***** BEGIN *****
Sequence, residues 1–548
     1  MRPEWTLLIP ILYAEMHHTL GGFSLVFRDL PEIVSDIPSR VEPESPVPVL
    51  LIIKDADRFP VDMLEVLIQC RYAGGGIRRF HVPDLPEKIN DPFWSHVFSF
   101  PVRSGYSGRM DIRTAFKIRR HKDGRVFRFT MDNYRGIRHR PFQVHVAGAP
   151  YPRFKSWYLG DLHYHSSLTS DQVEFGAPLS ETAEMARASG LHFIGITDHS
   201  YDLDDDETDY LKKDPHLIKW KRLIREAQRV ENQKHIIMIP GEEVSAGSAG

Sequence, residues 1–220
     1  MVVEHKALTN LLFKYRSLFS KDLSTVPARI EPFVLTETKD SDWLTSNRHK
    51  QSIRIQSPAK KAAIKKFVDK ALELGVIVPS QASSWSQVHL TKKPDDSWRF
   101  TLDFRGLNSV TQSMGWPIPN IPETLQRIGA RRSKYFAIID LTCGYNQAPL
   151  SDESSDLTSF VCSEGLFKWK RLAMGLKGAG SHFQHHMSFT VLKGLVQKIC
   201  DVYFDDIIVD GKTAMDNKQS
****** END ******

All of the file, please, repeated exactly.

Sequence, residues 1–548
     1  MRPEWTLLIP ILYAEMHHTL GGFSLVFRDL PEIVSDIPSR VEPESPVPVL
    51  LIIKDADRFP VDMLEVLIQC RYAGGGIRRF HVPDLPEKIN DPFWSHVFSF
   101  PVRSGYSGRM DIRTAFKIRR HKDGRVFRFT MDNYRGIRHR PFQVHVAGAP
   151  YPRFKSWYLG DLHYHSSLTS DQVEFGAPLS ETAEMARASG LHFIGITDHS
   201  YDLDDDETDY LKKDPHLIKW KRLIREAQRV ENQKHIIMIP GEEVSAGSAG

Sequence, residues 1–220
     1  MVVEHKALTN LLFKYRSLFS KDLSTVPARI EPFVLTETKD SDWLTSNRHK
    51  QSIRIQSPAK KAAIKKFVDK ALELGVIVPS QASSWSQVHL TKKPDDSWRF
   101  TLDFRGLNSV TQSMGWPIPN IPETLQRIGA RRSKYFAIID LTCGYNQAPL
   151  SDESSDLTSF VCSEGLFKWK RLAMGLKGAG SHFQHHMSFT VLKGLVQKIC
   201  DVYFDDIIVD GKTAMDNKQS